Political participation in a representative democracy

Length: 4 Pages 1051 Words

In a representative democracy, every person does not directly contribute to the governing of the state. Instead, representatives are elected to make decisions on behalf of the people. In Britain, MP’s are elected by constituencies throughout the country, each MP representing the people of his or her constituency. In this essay I shall discuss the importance of political participation by the citizens, and how this relates to the role of the representative. Political participation can take a wide range of forms. Voting, be the easiest and most basic form, is also the most important form of participation. Other ways a citizen could be involved with politics include demonstrating, writing to a representative or joining a pressure group. However if citizens participate in only one way, they should vote. Voting is very important as it provides the government with a legitimate claim to power, and therefore can implement laws and policies with authority. Without this authority, laws are continually broken and the government cannot successfully lead the country. Therefore the act of voting is very important in a representative democracy. However, the importance of voting can vary according to what role the representative is seen to ha Continue...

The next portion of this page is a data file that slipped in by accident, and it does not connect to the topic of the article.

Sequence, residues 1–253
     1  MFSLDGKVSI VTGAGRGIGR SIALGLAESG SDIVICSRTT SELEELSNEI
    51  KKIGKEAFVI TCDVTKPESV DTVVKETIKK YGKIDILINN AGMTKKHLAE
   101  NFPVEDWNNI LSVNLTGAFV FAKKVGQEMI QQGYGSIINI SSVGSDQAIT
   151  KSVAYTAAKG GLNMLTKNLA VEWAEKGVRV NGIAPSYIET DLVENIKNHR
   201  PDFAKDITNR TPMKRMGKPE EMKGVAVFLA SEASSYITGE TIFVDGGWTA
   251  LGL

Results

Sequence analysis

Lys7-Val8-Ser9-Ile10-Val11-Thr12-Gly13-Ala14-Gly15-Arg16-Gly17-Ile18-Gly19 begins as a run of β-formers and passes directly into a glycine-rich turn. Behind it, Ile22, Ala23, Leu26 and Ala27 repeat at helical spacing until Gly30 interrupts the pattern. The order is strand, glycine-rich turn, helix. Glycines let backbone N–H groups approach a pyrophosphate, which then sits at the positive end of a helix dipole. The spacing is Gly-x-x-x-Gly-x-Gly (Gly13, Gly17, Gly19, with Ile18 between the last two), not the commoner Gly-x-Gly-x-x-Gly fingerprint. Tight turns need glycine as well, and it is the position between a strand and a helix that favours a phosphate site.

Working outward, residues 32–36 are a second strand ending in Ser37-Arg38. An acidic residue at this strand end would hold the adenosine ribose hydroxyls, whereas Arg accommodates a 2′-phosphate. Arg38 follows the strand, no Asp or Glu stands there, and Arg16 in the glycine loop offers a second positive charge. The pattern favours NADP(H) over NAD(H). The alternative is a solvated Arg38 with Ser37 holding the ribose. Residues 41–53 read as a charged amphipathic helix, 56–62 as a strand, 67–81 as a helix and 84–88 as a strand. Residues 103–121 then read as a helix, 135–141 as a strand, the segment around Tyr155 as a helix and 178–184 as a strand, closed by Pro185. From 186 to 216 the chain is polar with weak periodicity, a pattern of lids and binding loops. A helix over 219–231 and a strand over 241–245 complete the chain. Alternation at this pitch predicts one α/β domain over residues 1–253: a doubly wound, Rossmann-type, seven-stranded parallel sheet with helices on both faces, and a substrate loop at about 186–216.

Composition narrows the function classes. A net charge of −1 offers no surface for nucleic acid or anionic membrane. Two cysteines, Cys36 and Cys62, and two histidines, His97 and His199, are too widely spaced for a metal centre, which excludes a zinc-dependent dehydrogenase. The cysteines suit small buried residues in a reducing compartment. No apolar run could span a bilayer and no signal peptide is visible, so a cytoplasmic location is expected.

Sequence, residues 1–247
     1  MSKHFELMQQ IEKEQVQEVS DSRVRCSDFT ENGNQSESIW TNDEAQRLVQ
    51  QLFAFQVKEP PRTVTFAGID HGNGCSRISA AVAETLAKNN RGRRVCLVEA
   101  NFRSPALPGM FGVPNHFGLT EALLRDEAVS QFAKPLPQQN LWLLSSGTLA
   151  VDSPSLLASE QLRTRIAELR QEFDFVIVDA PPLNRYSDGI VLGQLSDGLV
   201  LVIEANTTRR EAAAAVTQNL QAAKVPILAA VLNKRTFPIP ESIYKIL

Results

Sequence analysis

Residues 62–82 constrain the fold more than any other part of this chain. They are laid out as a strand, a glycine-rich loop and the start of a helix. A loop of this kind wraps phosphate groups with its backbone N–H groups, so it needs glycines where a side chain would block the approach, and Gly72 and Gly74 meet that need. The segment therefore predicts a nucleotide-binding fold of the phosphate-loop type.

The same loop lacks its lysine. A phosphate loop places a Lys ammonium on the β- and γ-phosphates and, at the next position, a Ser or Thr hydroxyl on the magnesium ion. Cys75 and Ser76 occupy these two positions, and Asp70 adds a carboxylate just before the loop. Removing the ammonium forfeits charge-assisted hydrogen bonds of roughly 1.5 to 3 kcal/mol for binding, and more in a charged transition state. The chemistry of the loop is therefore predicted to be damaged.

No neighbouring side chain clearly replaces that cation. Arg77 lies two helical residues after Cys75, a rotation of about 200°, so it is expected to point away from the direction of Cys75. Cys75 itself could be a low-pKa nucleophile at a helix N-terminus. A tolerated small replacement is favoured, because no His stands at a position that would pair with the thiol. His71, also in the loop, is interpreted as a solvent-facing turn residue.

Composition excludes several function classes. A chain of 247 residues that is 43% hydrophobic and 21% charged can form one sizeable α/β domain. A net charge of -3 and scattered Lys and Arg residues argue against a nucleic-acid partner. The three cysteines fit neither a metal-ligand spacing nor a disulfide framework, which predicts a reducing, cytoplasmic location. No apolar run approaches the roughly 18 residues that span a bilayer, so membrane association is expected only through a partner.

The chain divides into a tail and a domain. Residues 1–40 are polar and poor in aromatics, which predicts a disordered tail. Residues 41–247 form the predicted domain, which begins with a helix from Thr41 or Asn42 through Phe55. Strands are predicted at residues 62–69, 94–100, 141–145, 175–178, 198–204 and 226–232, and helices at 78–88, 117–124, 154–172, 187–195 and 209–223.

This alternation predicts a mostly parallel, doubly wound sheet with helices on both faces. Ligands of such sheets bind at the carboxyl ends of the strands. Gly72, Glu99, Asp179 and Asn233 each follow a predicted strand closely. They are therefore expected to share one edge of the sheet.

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Therefore if the role of the representative is to act on behalf of the people and not their own conscience, political participation is very important. Therefore when a representative acts in this way and represents his constituency's feelings rather than their own, this can be seen to be true democracy at work, because the will of the majority should always result, so the state is being ruled by the people and not a small elite. The representative is held accountable by regular elections, and if the people do not believe they are acting responsibly then that representative is voted out of their position. This therefore goes someway in ensuring that the representative does in fact listen to the electorate most of the time. This would involve getting a response from the electorate regarding particular issues, and then representing this response when called to do so by government. Although it is the primary way that people express their views in a representative democracy, there are many other ways of communicating. Communication with a representative that acts on his or her own conscience will often prove ineffective, and so participation here is less important. Even though they may not be strictly acting on behalf of those who voted, they are still held accountable and therefore this encourages representatives to listen to the views of the constituency. If a representative acts of their own conscience and according to their own beliefs then it becomes even more important to elect the right representative. This approach would be seen by many to be undemocratic, because it is not guaranteed that the views of the people will be taken into account. No matter what approach the representative takes, political participation is always important. There are two roles that a representative could adopt. Therefore, in this first approach, the views of the majority of the constituency should always be represented by its representative. Voting is not the only way in which people can participate politically.


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